Andy Warhol’s Inspiring Rise From Poverty to Fame

andy warhol, image from architectural digest

Looking at Andy Warhol’s roots, you may not think this guy would amount to much. Born to immigrant Slovakian parents in 1928, Andy Warhol barely got by as a child. His father was a construction worker, and his mother was an embroiderer. But the couple attended to their children as much as they could; a testament to their faith.

To make matters worse, the young Andy contracted Chorea, also dubbed as St. Vitus’s Dance, a neurologic disorder that contained him to the bed for months on end. But it was a blessing in disguise for Andy and the world. While he was sick, his mother taught him drawing. That was the beginning of his long journey to become one of the last century’s most iconic world-renowned artists.

If you’re wondering how to let the artist in your child out, then you’re in luck. Andy Warhol should be your inspiration. Not only did Andy rose from obscurity to global renown, but he also changed art as we know it forever. It goes to show that even extreme poverty cannot withhold the artist in the child, given the right guidance. You do not need millions to guide your child to achieve greater things in art. You need to lend a helping hand.

Andy Warhol: From Nowhere to World Fame

You can say Andy Warhol pushed the boundaries of art during his time. And no one will argue. As one of the most famous artists in the 20th century, he is one of the most recognizable artists in the world, along with Pablo Picasso and even Da Vinci. So sought-after is Warhol’s art, his “Eight Elvises” portrait eventually fetched a whopping $100 million in 2018.

And his work was prolific. He explored many forms of media to express his brilliance. And most importantly, he didn’t just dabble. He left a mark on each one. In short, he wore many hats and excelled in each one – book author, stand-up comedian, writer, director, commercial illustrator, to name a few.

He first made heads turn when he became a well-received illustrator for Glamour magazine. His art caught on. He experimented with several fine art mediums, combining photography for instance with known brands and celebrities such as Marilyn Monroe.

As more and more of his work came out in the magazine, his appetite for experimenting mediums was simply sensational, earning him the title the “father” of pop art. Further, he cemented his status by producing awe-inspiring work while working in several galleries. So influential was Andy that when he opened The Factory, his New York studio, it became a favorite hub for just about every A-lister in town, from Hollywood celebrities to the wealthiest socialites.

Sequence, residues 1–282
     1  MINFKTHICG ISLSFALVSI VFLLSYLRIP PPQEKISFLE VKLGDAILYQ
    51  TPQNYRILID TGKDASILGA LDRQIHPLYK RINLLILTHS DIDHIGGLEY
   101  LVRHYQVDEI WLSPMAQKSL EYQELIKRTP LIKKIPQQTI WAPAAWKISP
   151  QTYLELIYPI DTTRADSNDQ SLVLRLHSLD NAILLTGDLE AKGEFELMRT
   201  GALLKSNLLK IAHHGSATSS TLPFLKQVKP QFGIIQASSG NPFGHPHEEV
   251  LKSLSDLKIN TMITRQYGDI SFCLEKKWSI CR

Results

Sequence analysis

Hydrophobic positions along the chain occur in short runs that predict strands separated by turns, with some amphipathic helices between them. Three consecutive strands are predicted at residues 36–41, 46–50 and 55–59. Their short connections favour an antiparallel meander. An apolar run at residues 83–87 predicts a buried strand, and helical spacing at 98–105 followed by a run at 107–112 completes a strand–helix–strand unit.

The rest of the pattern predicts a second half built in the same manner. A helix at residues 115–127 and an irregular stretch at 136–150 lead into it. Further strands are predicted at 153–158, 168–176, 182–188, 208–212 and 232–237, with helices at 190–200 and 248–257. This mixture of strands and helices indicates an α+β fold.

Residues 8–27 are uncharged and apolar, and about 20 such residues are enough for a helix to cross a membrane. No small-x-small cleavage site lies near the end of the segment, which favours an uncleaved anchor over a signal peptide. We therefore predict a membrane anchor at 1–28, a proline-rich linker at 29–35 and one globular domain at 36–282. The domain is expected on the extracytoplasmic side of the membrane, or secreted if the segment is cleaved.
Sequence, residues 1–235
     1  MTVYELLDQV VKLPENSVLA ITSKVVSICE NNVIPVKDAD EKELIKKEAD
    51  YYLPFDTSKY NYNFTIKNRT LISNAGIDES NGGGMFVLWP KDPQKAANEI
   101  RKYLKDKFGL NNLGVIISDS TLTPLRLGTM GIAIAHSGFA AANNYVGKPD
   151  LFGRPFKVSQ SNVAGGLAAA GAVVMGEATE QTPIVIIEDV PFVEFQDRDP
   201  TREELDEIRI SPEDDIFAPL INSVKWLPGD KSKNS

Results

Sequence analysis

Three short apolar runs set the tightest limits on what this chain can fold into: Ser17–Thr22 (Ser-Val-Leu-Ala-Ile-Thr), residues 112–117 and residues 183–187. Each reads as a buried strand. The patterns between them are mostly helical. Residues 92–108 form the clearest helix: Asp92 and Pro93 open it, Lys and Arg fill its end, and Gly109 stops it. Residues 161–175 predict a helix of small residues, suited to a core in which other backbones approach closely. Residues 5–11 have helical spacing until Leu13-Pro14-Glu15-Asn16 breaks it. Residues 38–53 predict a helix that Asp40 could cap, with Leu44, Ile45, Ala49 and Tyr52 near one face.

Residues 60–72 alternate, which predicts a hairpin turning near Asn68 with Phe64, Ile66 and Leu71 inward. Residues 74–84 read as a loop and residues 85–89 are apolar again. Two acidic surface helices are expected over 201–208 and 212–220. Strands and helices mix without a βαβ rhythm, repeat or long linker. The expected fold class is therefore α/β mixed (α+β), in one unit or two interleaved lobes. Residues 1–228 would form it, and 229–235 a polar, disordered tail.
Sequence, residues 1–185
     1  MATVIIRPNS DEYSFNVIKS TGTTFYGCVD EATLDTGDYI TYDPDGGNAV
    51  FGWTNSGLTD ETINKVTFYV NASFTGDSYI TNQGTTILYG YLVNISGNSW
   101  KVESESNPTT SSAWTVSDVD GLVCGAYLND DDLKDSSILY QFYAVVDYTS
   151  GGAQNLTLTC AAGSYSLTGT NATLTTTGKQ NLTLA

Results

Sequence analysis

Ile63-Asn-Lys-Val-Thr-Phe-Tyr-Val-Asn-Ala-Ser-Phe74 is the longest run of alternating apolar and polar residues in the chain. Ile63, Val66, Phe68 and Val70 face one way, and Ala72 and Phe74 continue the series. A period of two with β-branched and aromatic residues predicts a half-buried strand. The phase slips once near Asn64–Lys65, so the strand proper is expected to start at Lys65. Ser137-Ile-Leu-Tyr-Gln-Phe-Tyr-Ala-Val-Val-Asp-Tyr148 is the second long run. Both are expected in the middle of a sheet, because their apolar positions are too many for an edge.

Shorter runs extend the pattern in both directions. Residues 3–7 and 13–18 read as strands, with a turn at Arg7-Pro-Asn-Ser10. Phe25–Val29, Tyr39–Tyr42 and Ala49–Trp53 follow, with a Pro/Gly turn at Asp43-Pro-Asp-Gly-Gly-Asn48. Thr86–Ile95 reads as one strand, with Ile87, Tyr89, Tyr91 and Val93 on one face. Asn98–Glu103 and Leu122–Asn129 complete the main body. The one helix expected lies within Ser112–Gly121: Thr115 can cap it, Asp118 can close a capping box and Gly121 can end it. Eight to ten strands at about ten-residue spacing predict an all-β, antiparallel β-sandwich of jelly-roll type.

Warhol’s work even expanded the art of printing using a screen displaying such stunning works depicting Mick Jagger, Grace Kelly, and Jackie Kennedy. Screen printing has been used extensively for decades now to cater to a wide array of consumers, from companies promoting their brands to sports buffs wanting their logo printed well on t-shirts.

And needless to say, Andy took the medium to greater heights.

Quick Tips to Let the Artist Out

artist concept

As poor as Andy Warhol’s family was, the support of his parents to help become a world-class artist is bound to touch hearts. It seems that every time tragedy struck Andy came out stronger. His mother, who was a skillful artist, showed him the wonders of drawing when he was struggling with Chorea. That along with the magazines he read, certainly opened his world to art.

Support is a big factor in any child’s development, and Warhol was lucky to have that. That it came from someone who truly loved him made it all the more significant. His mother also opened Andy’s eyes to the movies. At nine years old, his mom gave him a camera as a gift. That gift made him develop films in an improvised darkroom in the basement.

At age 14, Andy again suffered a setback. His father succumbed to the jaundiced liver. But before he died, Andy’s father dictated in his will that all his savings should go to Andy’s college education.

Giving the right tools at the right time can make a huge impact on your child’s development as an artist. You mustn’t just limit him to a pencil and paper too. While such a common medium can be a great start, it can be limiting. Erasers can easily get your child to start all over again. And he may just be doing that until frustrations set it.

Instead, use markers or oil pastels. So the child can produce art and produce more each time. Further, giving your child ample space to develop is also critical. Sometimes, when you rush things, the child could feel pressured. He could eventually lose interest.

Also, to encourage his creativity, give him time to think, perhaps a 10-minute window. Let his creative juices flow if you’re with him. It’s all about support. You don’t have to spend much to raise an artist. You have to be wary of his needs. With ample support, the chances you have of helping your child become a successful artist such as Andy Warhol widens.

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